Fat Books & Thin Women


Review: Peter Carey’s True History of the Kelly Gang

Peter Carey’s True History of the Kelly Gang is one of those unfortunate novels that finds its greatest strength and weakness is the same place. Carey’s novel takes the form of a series of diaries written by Ned Kelly, an Australian bushranger who lived from 1855 to 1880, from birth to death. Much of the novel is devoted to Kelly’s upbringing and to his relationship with his mother, and for much of the novel he seems a hapless character, falling into his work as a bushranger mostly through accident and a lack of other options.

Carey does a couple things in this novel that develop Kelly’s character and his motives for writing his diaries. The first is to split the novel into sections, “parcels,” each described for its physical attributes. The first parcel, for example (photo below), is described as such:

National Bank letterhead. Almost certainly taken from the Euroa Branch of the National Bank in December 1878. There are 45 sheets of medium stock (8” x 10” approx.) with stabholes near the top where at one time they were crudely bound. Heavily soiled. (5)

By providing such descriptions Carey suggests the times at which Kelly wrote parts of his history, and the piecemeal fashion in which this recording took place. Imagine the lost opportunity, though, what a book this could have been with an enterprising McSweeney’s-style publisher willing to print the sections on soiled bank letterhead and brown wrapping paper.

The second thing Carey does is to provide Kelly with an idiosyncratic writing style, one not outwardly concerned with form or with the normal manner of storytelling (say, pacing). Kelly’s writing, often missing punctuation and oddly prudish given his line of work, with a lot of “adjectival this” and “adjectival that,” with the bushranger Harry Power (who Kelly’s mother apprentices him to as a child) saying, “Well I’m a b—-r” (83) and other characters being labeled “b—–ds.”

Kelly’s strange voice, the weariness he feels for his life and for his family’s prospects and his ability to earn money or avoid “the traps”, gives to Carey’s writing a freshness. Kelly isn’t a forgettable character, and that is all from Carey’s refusal to work with a more standard form or structure. See this passage, about Kelly’s apprenticeship with Harry Power:

May 23rd fell cold and dark there were no moon. I stood on the front veranda of a shanty in the Oxley shire but it gave no protection from the bitter wind the heavy rain were in my face and splashing off the muddy floor. I did severely miss the sweet dry fug of my home but I were still Power’s unpaid dogsbody ordered to keep the watch for policemen although God only knows how the traps could of reached us in this torrent the King River Bridge were 2 ft. under and groaning in the current. I were v. tired and fed up with my life. (100)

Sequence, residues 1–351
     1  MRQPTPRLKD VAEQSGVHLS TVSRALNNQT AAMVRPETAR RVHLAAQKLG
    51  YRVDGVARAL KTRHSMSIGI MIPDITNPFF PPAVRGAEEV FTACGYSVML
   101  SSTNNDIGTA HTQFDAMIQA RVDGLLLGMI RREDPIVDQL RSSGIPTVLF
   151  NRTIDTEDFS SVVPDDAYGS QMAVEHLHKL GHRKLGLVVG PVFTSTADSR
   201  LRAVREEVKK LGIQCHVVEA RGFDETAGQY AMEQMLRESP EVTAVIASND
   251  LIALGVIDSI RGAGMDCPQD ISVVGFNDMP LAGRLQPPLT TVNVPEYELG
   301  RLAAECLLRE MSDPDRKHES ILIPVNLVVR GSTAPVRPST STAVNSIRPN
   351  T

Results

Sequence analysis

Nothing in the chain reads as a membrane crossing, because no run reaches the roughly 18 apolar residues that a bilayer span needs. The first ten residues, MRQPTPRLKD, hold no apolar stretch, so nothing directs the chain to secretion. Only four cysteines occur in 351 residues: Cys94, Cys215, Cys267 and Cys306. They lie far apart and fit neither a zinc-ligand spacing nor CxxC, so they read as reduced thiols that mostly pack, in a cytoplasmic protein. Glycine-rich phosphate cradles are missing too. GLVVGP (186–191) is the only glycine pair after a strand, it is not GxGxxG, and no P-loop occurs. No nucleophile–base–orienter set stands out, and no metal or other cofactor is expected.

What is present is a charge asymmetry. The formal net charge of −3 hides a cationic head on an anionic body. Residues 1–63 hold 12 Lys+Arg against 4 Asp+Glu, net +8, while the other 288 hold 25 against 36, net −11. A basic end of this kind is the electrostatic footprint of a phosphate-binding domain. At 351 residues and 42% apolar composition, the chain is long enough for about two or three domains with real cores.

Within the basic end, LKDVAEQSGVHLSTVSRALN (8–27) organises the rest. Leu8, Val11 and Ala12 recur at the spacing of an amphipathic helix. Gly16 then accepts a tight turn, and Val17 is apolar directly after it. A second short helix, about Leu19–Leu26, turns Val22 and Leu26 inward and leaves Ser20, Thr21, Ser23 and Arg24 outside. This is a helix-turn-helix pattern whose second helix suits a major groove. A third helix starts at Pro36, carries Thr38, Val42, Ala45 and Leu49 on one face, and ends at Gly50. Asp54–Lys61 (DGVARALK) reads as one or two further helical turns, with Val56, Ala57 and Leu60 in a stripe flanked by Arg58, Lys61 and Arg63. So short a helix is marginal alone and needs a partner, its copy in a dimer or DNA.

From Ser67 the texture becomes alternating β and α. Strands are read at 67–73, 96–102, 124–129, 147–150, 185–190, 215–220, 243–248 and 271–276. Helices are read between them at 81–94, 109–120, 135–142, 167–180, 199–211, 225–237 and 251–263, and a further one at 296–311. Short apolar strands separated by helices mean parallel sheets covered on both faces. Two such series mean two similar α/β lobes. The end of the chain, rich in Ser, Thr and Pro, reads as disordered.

The problem with all of this is that, while Kelly’s voice is developed extraordinarily well, Carey devotes himself so fully to the memoir’s form that the story has no traditional arc, no rise, no build to anything. It’s simply incident after incident, related through the sometimes incomprehensible or hard-to-track voice of Kelly. Only in the novel’s last hundred pages does the form begin to aid the story, as Kelly’s increasing obsession with recording his life for his unborn daughter becomes apparent.

Throughout his journals Kelly addresses his daughter, but only in the end is it clear the importance he places on his journals. He writes, “…I knew I would lose you if I stopped writing you would vanish and be swallowed by the maw” (385-86), and then, “…I wrote to get you born” (386). It’s as if, having devoted himself to his men above his daughter and her mother, Kelly views the journals as a chance at redemption, not so much a chance to explain himself to the Australian public but a chance to tell his daughter, privately, the things he will never have an opportunity to tell her in life.

He obsesses with his other writings too, with giving something for Australia to know him by, so that this becomes for a time his only aim – saying, “I’ll stick up an adjectival printery… I’ll print the adjectival thing myself” (369) of one of his letters. At novel’s end Carey reveals Kelly’s obsession with being heard, with defining his own story, and the last hundred pages are nearly enough to redeem the earlier slog through the minor incidents of Ned Kelly’s life.

Almost, but not quite. True History of the Kelly Gang is a book worth reading by anyone interested in these unusual narrative techniques, or in search of the strong voice Carey gives to Kelly; but it’s ultimately unsatisfying as a novel because its form gives so little back to the reader in terms of story or plot. An interesting read, but at end a disappointing one.

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